Personal Pieces postsThursday October 13, 2011
Dreams: Don't Present at the Academy Awards with your Shirt Untucked
A dream last night. Freudians, start your engines.
I was in a conclave of tables off to the side at an awards ceremony—backstage yet onstage—and was about to announce one of the awards. Was Ben Stiller there somewhere? I wasn't thinking anything of the task, figured it would be a breeze, but when I stood up I had problems with the flap of my fly—it was turning out, exposing the metal teeth—and trying to fix it I wound up pulling out my tucked-in shirt, even as I was being pulled toward the stage. Introductory music was playing and I was walking with Patricia and my name was announced in grand fashion. It was the Academy Awards and I was walking onstage with my white dress shirt untucked and slightly wrinkled. Would that look cool? Wouldn't that look...disrespectful? Worse, I couldn't remember what award I was presenting. What was it again? And where were my glasses? I couldn't read the cue cards! I whispered all this to Patricia in a panic and she calmed me and said we would get through it, but the walk to the lectern seemed to take so long that by the time we arrived we felt we were behind. The music stopped and everyone waited and I glanced hurriedly over the lectern, which was electronic, flashing different kinds of data, including something in the upper right corner about ... was that the award?
“And now, the award for ... ” I stumbled. “...sexiest...”
“... new male lead,” Patricia finished.
There was silence. It seemed wrong, what I'd said, but I clutched onto the hope that it was right. Then a film clip started, an older woman being interviewed about a tragic event, possibly the Holocaust, and it was over and we were backstage and I'd been wrong, and I was trying to both justify myself and sort through the enormity of just how wrong I'd been.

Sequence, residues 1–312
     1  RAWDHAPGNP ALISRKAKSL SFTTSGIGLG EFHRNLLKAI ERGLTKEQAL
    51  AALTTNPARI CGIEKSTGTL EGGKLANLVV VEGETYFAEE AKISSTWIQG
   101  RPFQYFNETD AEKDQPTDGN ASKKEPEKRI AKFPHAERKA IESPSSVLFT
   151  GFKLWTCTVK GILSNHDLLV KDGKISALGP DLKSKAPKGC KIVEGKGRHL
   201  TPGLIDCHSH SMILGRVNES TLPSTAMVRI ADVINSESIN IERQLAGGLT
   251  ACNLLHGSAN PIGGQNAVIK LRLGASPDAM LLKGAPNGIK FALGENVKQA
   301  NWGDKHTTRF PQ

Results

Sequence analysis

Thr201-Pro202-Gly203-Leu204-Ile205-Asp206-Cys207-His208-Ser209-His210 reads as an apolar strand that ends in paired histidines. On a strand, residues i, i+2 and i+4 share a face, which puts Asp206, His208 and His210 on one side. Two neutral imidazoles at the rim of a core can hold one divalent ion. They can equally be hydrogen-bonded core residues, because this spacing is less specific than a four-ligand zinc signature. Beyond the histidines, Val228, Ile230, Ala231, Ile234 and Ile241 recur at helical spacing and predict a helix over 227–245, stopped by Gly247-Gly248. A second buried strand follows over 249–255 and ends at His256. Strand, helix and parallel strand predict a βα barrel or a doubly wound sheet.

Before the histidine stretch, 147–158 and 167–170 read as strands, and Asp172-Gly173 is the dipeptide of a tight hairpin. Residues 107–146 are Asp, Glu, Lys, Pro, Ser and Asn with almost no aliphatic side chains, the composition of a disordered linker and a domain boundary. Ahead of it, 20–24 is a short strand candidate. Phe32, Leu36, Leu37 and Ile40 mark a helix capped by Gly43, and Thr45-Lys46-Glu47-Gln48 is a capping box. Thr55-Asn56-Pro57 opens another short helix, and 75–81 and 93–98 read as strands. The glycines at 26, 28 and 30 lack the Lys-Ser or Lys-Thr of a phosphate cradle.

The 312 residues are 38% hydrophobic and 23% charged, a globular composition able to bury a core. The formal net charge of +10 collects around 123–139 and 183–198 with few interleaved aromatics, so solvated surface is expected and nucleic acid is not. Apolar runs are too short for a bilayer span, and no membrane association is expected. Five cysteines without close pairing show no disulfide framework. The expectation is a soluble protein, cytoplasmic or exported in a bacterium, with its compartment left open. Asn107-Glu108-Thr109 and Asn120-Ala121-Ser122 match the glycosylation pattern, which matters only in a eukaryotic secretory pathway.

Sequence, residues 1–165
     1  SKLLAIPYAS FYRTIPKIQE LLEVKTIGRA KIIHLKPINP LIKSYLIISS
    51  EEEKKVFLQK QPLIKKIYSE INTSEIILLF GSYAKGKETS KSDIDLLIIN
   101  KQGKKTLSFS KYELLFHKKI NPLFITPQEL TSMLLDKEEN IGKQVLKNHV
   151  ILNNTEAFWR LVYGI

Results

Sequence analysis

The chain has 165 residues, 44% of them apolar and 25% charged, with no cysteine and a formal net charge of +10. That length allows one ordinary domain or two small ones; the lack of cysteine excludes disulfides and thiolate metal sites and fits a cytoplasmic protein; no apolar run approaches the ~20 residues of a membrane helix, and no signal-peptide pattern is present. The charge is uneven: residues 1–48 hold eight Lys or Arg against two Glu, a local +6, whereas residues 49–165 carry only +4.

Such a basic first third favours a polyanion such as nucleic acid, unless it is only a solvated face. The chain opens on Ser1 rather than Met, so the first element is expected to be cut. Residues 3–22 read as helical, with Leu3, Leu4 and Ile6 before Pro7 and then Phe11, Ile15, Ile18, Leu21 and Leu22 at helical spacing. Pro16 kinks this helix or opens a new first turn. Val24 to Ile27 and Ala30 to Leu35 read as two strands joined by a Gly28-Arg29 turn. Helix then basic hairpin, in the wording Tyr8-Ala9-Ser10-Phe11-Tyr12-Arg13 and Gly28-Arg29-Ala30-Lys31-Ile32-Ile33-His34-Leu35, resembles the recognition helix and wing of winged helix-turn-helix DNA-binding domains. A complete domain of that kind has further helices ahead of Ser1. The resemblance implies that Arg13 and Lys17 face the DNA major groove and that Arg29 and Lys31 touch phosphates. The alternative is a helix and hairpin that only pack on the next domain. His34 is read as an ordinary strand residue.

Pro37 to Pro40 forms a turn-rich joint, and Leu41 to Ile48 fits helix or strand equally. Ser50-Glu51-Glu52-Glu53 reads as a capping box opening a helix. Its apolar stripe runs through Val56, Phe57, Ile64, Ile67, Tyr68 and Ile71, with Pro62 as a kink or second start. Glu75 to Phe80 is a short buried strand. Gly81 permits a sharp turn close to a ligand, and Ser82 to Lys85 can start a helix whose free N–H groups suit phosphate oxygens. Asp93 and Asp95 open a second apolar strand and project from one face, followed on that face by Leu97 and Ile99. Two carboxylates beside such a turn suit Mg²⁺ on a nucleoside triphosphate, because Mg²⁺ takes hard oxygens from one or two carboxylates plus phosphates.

The Steve Jobs Speech; the Kurt Vonnegut Lesson
Steve Jobs' 2005 commencement address at Stanford University spread pretty fast around the Internet yesterday—the day after his death. My friend Jim posted it to Facebook in the morning, I put it on this blog shortly thereafter, beating Andrew Sullivan to the punch by a few hours. Wil Wheaton blogged about the same portion of the speech I did. Other friends on Facebook posted their favorite moments. Good for them. It's a worthy speech.
Jobs talks about dropping out of college and following his dream. Among the things he says is this:
Your work is going to fill a large part of your life, and the only way to be truly satisfied is to do what you believe is great work. And the only way to do great work is to love what you do. If you haven't found it yet, keep looking. Don't settle. As with all matters of the heart, you'll know when you find it.
He also says this:
When I was 17, I read a quote that went something like: “If you live each day as if it was your last, someday you'll most certainly be right.” It made an impression on me, and since then, for the past 33 years, I have looked in the mirror every morning and asked myself: “If today were the last day of my life, would I want to do what I am about to do today?” And whenever the answer has been “No” for too many days in a row, I know I need to change something.
Words of wisdom. At the same time, I felt slightly guilty hearing them. I certainly like doing what I'm doing—writing and editing what I write and edit—but it's not necessarily what I'd be doing if it were the last day of my life. So, listening to Jobs' speech yesterday morning, some part of me thought, “I wish I hadn't settled. I wish I'd been like Steve Jobs and followed my dream so that I could love what I did.”